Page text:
“I made cranberry sauce, and when it was done put it into a dark blue bowl for the beautiful contrast. I was thinking, doing this, about the old ways of gratitude: Indians thanking the deer they’d slain, grace before supper, kneeling before bed. I was thinking that gratitude is too much absent in our lives now, and we need it back, even if it only takes the form of acknowledging the blue of the bowl against the red of the cranberries.” ~ Elizabeth Berg
With Thanksgiving just behind us and the holidays right around the corner, it’s only natural that thoughts of turkey, mashed potatoes and cranberry sauce are on our minds inspiring warm reflection. While cranberries are certainly delicious, they have a multitude of other uses. Jedwards International is pleased to announce the addition of Virgin Cranberry Seed Oil to our extensive product list.
In North America, indigenous people were the first to use cranberries as food and dye. Native Americans, long before the Pilgrims arrived, mixed deer meat and mashed cranberries to make pemmican; a
convenience food that kept for long periods of time. In 1550, there is an historical account of Europeans coming ashore and being met by Native Americans bearing bark cups full of cranberries. In Plymouth, MA there is a 1633 account of the husband of Mary Ring auctioning her cranberry-dyed petticoat for 16 shillings. Fun fact – that converts to about $50 today! A 1663 Pilgrim cookbook appears with a recipe for cranberry sauce. And in 1667, New Englanders sent across the pond to King Charles ten barrels of cranberries, three barrels of codfish (which is used in , another product that Jedwards International is a bulk supplier of), and some Indian corn.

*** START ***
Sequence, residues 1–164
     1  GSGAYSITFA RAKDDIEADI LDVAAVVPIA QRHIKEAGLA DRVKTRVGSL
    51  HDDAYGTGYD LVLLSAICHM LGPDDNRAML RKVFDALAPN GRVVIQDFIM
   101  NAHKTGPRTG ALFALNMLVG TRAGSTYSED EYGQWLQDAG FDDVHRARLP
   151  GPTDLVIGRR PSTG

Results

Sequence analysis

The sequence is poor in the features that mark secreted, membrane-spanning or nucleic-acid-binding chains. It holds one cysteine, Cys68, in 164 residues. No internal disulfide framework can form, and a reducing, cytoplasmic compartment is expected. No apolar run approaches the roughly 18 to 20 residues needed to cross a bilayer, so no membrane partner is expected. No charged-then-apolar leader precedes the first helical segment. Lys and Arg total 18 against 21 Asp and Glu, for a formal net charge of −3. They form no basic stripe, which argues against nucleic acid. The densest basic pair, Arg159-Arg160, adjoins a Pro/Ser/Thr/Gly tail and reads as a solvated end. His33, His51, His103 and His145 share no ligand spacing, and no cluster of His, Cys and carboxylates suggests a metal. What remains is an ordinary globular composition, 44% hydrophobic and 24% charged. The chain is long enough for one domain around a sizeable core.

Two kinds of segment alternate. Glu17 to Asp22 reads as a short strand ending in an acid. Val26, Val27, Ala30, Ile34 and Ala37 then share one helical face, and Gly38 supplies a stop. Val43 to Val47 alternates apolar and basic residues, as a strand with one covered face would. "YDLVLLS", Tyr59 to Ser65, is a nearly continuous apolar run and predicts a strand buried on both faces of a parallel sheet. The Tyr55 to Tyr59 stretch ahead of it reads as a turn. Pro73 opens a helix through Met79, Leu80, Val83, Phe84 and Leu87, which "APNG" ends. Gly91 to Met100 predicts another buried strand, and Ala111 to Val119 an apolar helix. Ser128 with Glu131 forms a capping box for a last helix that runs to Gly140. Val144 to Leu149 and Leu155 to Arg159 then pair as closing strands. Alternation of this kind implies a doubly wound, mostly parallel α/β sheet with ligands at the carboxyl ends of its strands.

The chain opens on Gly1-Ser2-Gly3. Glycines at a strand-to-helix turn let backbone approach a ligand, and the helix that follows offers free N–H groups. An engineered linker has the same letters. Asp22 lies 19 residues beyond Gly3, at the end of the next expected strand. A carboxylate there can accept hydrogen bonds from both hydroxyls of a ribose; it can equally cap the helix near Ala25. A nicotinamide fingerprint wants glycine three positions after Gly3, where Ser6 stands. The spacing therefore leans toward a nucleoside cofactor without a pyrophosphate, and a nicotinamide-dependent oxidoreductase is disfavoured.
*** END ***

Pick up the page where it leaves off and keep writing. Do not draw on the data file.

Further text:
Some other fun facts about cranberries…German and Dutch settlers take credit for the naming of the fruit, referring to them as “crane berries” because the vine blossoms resemble the neck, head and bill of a crane. The hardy cranberry vine thrives in conditions, such as acid soil and low temperatures, that would not support most other crops. The cranberry is one of only a handful of fruits native to North America, included among blueberries and Concord grapes. And during World War II, American troops required about one million pounds of dehydrated cranberries a year, keeping the US troops well nourished. Cranberries are sometimes used to flavor wines, but do not ferment as naturally as grapes, making them unsuitable for the traditional winemaking process.
The cranberry seeds used in our wholesale, bulk oils are grown and harvested in the Quebec, Canada region and are prepared with 100% natural, non-GMO ingredients. The oil is extracted from both conventional and organic cranberries using a cold pressed expeller, creating a clear, golden color with a subtle, fruity aroma. There are no solvents or chemicals used in the preparation of our Cranberry Seed Oil. Cranberry Seed Oil is an emollient and can be added to various beauty and body products to help promote healthy skin. This virgin oil has a balanced ratio of omega-3 to omega 6 fatty acids, making its natural absorption into the skin unique among plant oils.